Jeanette LeBlanc

Woman dies after contracting flesh-eating bacteria from oysters

A Texas woman reportedly died from a flesh-eating bacterial infection after eating raw oysters from a market off the coast of Louisiana.

According to KLFY, Jeanette LeBlanc contracted the bacteria in September while visiting family in Louisana. LeBlanc reportedly ate about two dozen raw oysters that she picked up in Westwego.

“About 36 hours later she started having extreme respiratory distress, had a rash on her legs and everything,” Vicki Bergquist, a family friend who went on the vacation with LeBlanc, told the station.

Karen Bowers recalled how she believed it was an allergic reaction at first and how she later suffered “severe” wounds on her legs due to the bacteria.

LeBlanc gradually worsened over the course of two days, which led doctors to determine that she was infected with Vibrio.

The Centers for Disease Control (CDC) said that people in the United States typically become infected with Vibrio vulnificus, and its related species, by eating raw or undercooked shellfish–especially oysters.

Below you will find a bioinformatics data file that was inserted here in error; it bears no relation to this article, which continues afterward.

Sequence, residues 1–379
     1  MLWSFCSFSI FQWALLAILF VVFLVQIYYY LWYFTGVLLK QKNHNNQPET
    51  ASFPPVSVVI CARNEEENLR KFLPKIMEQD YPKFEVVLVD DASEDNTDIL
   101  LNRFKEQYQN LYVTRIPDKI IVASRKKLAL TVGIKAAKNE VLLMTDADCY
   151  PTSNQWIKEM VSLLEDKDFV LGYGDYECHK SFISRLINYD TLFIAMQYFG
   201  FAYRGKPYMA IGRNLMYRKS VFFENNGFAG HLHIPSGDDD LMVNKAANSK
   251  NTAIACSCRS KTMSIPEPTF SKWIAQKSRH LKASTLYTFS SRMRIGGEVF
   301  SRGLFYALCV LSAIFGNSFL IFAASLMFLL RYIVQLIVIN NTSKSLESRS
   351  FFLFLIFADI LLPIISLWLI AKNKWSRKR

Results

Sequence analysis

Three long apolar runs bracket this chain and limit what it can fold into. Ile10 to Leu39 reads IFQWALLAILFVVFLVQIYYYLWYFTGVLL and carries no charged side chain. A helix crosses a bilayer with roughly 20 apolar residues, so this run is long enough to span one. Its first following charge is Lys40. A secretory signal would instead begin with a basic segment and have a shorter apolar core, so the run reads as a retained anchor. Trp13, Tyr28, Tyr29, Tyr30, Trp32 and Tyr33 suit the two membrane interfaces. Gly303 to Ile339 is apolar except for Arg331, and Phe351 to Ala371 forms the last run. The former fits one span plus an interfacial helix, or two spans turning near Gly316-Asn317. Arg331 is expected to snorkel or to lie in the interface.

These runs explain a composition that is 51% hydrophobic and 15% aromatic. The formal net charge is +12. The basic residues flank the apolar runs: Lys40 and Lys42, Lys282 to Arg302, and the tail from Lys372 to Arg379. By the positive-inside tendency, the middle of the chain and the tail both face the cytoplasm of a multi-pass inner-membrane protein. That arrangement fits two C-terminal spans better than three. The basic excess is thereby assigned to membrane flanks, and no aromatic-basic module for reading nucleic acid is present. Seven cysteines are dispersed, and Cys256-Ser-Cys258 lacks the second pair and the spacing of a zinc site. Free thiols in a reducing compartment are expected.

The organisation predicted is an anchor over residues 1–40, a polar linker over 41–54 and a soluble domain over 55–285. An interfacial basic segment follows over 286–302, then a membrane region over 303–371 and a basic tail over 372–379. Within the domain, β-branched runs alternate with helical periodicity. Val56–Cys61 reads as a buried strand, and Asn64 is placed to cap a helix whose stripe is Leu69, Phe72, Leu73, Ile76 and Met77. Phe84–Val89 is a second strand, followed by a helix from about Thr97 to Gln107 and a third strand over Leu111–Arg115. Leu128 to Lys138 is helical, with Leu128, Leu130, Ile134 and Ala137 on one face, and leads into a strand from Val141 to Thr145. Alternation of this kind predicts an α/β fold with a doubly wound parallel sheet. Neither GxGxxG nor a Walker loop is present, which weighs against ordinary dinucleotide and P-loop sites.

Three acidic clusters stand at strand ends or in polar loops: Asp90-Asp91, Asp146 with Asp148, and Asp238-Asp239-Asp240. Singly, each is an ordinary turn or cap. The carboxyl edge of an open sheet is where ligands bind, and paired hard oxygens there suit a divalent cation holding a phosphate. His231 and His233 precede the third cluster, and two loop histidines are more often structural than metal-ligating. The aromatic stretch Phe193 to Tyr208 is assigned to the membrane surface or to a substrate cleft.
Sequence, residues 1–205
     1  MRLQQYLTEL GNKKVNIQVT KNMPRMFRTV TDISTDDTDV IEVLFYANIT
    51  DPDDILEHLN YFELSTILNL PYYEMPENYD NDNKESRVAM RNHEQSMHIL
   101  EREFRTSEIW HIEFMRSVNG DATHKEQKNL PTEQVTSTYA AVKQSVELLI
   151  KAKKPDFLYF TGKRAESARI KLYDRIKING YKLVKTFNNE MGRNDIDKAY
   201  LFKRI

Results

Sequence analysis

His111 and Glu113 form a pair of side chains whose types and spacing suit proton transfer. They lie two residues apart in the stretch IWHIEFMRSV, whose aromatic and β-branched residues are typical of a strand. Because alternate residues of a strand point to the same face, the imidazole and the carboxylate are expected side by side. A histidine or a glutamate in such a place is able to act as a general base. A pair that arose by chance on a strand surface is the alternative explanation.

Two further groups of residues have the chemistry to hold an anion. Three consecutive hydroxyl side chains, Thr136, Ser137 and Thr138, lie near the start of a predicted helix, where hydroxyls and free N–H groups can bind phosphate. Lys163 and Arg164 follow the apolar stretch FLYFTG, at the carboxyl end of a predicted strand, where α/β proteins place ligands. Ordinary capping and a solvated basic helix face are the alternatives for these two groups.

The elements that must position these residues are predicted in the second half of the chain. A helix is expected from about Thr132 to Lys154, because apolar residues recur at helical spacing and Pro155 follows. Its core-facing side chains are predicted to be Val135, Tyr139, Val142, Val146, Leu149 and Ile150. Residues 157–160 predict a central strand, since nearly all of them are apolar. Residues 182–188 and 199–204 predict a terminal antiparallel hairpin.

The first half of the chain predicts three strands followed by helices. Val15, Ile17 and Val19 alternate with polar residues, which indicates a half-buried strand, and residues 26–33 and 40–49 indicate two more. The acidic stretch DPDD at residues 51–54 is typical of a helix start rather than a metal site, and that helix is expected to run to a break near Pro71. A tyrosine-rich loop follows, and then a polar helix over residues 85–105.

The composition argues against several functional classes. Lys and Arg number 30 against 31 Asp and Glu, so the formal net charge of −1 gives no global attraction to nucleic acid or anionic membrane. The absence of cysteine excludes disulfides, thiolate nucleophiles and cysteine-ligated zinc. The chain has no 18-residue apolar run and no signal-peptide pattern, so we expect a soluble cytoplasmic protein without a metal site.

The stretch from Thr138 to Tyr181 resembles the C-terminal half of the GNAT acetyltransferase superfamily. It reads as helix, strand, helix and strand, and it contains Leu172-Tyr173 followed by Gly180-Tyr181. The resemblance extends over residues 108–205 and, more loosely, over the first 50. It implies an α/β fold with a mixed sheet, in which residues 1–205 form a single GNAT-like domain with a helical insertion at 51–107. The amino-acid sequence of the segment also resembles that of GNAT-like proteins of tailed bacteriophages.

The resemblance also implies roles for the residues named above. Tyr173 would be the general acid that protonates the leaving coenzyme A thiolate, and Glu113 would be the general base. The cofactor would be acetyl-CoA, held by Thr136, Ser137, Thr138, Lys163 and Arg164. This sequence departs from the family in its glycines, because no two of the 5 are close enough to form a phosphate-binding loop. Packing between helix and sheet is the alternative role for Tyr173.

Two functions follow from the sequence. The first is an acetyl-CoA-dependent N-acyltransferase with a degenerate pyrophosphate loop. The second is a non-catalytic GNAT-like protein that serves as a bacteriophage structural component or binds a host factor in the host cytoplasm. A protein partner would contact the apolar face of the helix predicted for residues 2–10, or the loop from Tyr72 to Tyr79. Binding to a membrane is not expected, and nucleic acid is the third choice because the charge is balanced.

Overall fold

“Vibrio naturally live in certain coastal waters and are present in higher concentrations between May and October when water temperatures are warmer,” the agency cautioned.

LeBlanc reportedly fought the aggressive bacteria for an agonizing 21 days but died from the infection on October 15th, 2017, according to KLFY.

Now, Bergquist and Bowers say they are committed to educating the public about the dangerous and devastating bacteria.

“If they really knew what could happen to them and they could literally die within 48, 36 hours of eating raw oysters, is it really worth it?” Bowers commented.

“If we had known that the risk was so high, I think she would’ve stopped eating oysters.”

***WARNING: The video depicts images that are disturbing in nature. Please use discretion. ***

[Featured Image: Jeanette LeBlanc/KLFY video screenshot]